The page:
Steve McCoy-Thompson, Director of Operations, BSR

This blog is the fourth in a series on organizational structure and sustainability, from the perspective of BSR’s Director of Operations. The first is on the role and placement of the CSO in an organization. The second covers strategy and the integration of sustainability into the business model, and the third examines how to establish a common organizational language for successful sustainability outcomes.   

The CFO serves as the great reality check on corporate initiatives, capable of reducing grand intentions to sobering data. And that is why she can also be a CSO or CSR leader’s best friend. Here are six priority areas that can form the basis for a lasting friendship.

As BSR’s CFO, Dan Luscher understands the business priorities of a broad range of companies and industries. He believes that “beyond the dense words and pretty pictures, every business plan or annual report addresses a set of core issues that each company must face. The more CSR programs support these issues, the more concrete support they’ll likely receive from the CFO.” Below is a high-level summary of these priority areas with suggestions for where the CFO and the sustainability team can not only speak the same language but also achieve mutually beneficial results. 

  1. Business Model: CSR can directly support the business model through product or process innovation or by promoting supply chain improvements that are also sustainable.
  2. Markets: CSR practices can directly influence and build the customer base, such as a product recycling program to drive new customers or community outreach to support brand awareness.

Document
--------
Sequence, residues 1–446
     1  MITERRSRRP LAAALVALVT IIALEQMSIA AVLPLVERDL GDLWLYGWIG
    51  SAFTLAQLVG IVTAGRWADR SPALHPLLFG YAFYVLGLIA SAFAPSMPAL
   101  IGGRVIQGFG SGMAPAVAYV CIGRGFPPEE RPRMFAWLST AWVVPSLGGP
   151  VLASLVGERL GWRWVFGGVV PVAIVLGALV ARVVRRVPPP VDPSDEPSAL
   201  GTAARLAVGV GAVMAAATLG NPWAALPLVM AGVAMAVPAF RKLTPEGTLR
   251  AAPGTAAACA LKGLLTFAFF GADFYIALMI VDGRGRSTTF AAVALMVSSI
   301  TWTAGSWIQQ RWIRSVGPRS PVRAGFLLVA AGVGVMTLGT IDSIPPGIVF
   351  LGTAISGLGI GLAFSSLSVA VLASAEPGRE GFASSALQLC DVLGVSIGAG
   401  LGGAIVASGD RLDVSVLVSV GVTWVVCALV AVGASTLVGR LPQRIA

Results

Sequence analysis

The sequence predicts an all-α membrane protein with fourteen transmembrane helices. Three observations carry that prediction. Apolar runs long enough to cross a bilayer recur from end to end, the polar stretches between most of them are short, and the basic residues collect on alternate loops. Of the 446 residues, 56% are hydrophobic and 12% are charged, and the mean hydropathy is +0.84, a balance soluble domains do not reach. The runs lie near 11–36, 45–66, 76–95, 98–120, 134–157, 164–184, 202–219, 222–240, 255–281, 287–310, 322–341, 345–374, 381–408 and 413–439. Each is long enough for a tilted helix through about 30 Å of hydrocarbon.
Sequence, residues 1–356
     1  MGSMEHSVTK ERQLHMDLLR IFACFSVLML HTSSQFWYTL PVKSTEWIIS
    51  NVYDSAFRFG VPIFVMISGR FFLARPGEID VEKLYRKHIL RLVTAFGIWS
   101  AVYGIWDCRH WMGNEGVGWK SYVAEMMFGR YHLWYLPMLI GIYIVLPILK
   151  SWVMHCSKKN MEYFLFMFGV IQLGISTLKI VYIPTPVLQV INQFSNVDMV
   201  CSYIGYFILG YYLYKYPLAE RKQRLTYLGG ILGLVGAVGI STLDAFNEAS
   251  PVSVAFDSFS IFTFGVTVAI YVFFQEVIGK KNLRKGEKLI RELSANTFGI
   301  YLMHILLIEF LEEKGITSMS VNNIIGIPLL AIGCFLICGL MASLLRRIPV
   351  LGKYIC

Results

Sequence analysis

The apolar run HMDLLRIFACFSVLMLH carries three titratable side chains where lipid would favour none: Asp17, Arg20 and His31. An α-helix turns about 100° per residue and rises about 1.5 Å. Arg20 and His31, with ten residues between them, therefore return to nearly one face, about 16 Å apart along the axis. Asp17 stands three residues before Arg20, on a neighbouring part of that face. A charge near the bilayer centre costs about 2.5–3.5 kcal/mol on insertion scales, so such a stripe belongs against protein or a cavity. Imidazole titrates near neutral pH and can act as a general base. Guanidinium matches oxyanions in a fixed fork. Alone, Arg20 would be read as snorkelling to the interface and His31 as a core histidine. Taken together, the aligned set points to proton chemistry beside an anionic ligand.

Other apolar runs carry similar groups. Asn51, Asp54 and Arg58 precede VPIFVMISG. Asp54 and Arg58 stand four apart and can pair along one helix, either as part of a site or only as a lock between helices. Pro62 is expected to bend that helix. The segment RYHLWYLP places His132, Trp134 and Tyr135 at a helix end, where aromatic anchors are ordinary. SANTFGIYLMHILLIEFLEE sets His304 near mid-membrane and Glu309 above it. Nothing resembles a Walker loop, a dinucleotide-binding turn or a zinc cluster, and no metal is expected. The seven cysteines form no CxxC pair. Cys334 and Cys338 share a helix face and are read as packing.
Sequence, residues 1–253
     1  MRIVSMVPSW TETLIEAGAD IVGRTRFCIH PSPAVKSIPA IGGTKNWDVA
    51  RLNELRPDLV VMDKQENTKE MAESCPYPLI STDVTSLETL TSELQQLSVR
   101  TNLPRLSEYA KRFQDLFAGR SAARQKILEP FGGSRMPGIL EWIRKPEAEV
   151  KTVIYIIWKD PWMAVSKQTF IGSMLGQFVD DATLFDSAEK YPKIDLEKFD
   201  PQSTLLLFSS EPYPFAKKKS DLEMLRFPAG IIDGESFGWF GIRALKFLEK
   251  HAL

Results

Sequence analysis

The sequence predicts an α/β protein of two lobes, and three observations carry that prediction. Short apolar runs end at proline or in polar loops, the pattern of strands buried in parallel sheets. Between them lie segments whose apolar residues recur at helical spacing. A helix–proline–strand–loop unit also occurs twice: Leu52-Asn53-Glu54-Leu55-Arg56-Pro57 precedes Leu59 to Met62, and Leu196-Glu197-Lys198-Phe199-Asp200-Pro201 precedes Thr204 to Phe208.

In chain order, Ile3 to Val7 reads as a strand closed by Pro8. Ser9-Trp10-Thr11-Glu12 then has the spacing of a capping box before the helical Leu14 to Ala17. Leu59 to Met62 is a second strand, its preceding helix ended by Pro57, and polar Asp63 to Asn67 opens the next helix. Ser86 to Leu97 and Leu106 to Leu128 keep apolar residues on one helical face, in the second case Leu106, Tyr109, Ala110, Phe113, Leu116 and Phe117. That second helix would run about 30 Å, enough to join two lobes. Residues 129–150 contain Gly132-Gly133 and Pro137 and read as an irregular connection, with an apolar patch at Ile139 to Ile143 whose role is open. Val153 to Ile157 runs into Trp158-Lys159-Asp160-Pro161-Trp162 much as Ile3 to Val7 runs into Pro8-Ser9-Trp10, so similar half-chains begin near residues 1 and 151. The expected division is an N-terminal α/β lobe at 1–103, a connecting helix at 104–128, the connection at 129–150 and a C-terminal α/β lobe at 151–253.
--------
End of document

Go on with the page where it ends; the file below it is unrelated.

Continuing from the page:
3. Teams:  There is a proven correlation between CSR and top talent attraction and retention, as well as between healthy/happy labor and productivity. 
  4. Resources: Fundamentally, CSR is about the forward planning of business-critical resources and stakeholder relationships, whether it is raw materials or people. For example, structural changes in the supply chain can help secure critical resources at reasonable cost for the long term.
  5. Risk: Risk management is an increasingly sophisticated area of business, and sustainable practices can directly contribute to the mitigation of medium- and long-term risks, from sustainable sourcing of production and raw materials to the siting of future investments.
  6. Revenue and Profit: CSR directly contributes to the bottom line (in addition to the triple bottom line) by using sustainable practices to lower energy costs, improve production, build customers, and contribute to a range of other initiatives. 

In each case, you’ll notice a pattern in line with the above. Sustainability is not the driver: good business is. Of course, broader questions of corporate responsibility and ethics should be integrated into every business decision. Yet, when sustainable practices are clearly aligned with business imperatives, the more likely it is that the practices themselves will be sustained by the business, even when times get tough. And the higher the degree to which we can address and measure sustainability, the greater endorsement we are likely to get from the CFO, which leads us to the next gateway to the CFO’s heart: the KPI, which will be covered in the next blog.